Judge to rule on election law change in advance of Tuesday’s special election

  • Judge Charles Temple Ethan Dewitt / Monitor staff

Monitor staff
Monday, September 11, 2017

A Hillsborough Superior Court judge will determine whether a new voter registration law will come into effect during a Laconia special election Tuesday, with a decision that could come down to the wire.

At a hearing Monday, Judge Charles Temple said he would decide whether to grant an injunction – which would prevent election officials from carrying out the new law – by 7 a.m. Tuesday morning. That deadline was chosen, Temple said, to ensure that the decision will take effect before the polls open.

“Obviously I have the daunting task of evaluating all of this,” Temple said, speaking after a nearly three-hour hearing. “We will do that tonight and issue a decision tomorrow morning.”

The remarks were made at a hearing in Nashua brought by a pair of lawsuits made by the New Hampshire Democratic Party and the League of Women Voters, both of whom argue the law, Senate Bill 3 carries unconstitutional burdens that will discourage voters.

Signed into law by Gov. Chris Sununu in July, SB 3 took formal effect Sept. 8. It requires all voters who live in New Hampshire to produce evidence that’s the case. For people without a driver’s license or vehicle registration on them when voting, that means providing proof after-the-fact. Those who register within 30 days of the election are required to either send in documents after the election, or volunteer to be investigated by the state.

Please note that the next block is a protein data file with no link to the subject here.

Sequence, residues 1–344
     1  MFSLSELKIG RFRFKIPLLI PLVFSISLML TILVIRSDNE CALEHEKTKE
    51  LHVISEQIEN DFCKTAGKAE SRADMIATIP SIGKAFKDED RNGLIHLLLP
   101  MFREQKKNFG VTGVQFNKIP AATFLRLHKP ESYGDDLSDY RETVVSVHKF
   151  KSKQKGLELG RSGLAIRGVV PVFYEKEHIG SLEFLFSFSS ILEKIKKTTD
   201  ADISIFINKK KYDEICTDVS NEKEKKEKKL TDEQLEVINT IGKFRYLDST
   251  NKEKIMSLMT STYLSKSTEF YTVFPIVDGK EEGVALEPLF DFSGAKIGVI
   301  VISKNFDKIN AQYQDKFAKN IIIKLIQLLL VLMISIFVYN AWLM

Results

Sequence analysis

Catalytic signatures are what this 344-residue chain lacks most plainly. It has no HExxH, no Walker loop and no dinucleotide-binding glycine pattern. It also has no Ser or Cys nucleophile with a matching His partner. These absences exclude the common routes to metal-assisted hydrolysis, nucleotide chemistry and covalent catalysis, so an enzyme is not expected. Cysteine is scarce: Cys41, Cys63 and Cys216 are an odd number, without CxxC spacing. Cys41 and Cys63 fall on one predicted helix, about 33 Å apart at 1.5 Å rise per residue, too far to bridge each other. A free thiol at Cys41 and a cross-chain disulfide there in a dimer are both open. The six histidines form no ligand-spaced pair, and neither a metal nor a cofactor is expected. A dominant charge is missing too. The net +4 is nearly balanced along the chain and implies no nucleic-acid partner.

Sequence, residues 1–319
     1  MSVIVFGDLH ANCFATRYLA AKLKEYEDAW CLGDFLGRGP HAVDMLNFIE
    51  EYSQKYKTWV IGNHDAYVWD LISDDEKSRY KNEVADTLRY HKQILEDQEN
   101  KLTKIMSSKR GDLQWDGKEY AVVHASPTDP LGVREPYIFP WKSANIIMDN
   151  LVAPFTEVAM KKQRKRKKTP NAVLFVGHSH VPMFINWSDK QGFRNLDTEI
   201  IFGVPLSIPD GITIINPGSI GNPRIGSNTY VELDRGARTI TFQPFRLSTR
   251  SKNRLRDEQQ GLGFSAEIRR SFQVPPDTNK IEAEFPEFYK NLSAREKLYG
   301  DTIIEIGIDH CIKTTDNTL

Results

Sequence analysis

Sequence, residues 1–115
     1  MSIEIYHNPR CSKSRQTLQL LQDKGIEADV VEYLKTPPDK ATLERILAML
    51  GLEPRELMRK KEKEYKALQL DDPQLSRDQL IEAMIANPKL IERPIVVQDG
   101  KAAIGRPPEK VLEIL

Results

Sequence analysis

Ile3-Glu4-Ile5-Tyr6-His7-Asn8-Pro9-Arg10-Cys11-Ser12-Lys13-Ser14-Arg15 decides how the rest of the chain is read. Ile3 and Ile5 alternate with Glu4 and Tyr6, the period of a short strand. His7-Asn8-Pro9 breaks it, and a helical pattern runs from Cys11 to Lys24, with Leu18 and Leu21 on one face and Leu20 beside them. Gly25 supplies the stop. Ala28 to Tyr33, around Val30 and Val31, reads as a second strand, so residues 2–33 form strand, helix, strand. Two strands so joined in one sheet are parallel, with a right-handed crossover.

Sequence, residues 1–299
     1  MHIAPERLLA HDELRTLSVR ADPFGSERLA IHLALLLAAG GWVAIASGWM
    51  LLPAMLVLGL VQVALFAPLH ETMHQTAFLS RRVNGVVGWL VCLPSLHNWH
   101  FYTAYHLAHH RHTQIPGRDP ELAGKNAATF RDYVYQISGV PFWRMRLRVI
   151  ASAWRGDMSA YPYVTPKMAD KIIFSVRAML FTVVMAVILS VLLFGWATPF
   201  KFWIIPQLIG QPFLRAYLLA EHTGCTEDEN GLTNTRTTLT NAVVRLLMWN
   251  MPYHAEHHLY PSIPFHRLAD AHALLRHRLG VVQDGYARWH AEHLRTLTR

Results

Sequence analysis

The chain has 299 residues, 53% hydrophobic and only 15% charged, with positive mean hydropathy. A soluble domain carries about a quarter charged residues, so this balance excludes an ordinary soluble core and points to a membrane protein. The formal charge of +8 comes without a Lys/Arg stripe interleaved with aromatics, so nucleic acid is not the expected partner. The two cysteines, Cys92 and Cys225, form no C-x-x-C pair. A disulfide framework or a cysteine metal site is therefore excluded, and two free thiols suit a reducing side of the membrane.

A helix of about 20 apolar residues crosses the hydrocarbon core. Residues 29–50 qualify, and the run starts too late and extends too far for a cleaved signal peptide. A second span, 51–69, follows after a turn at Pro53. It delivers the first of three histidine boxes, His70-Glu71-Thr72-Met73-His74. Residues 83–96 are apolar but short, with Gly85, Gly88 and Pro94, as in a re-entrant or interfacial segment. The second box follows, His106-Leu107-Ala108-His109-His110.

Tuesday’s municipal elections in Laconia and Belmont are the first time the law is to be implemented. An injunction order by Temple would temporarily halt the law’s implementation, allowing voters to register at the polls without the added requirements.

The New Hampshire Democratic Party and League of Women Voters sued the secretary of state and attorney general, saying the burdens imposed by SB 3 would infringe on voting rights. Plaintiffs, which included two college students and a 30-year-old nurse moving from Massachusetts, argued the law was passed on unfounded concerns with fraud, and that the new requirements were confusingly written and would deter voting.

The law adds legal penalties to those who violate the documentation rules for demonstrating residency. If voters are found to have released wrongful information on their domicile or to have “purposefully and knowingly” failed to produce evidence by the deadline after the election, they can be charged with felony or misdemeanor fraud and subject to $5,000 fine, according to the new law.

Attorneys for the plaintiffs said that those new requirements would deter many from arriving at the polls, and that the potential criminal sanctions could prevent thousands from voting. Among those that would be affected are homeless residents, low income residents, those with low education, frequent movers and students, argued attorney John Devaney.

“It’s an extraordinary remedy and an extraordinary burden on the right to vote,” Devaney said of the sanctions. “You can imagine voters reading that and questioning whether they should vote.”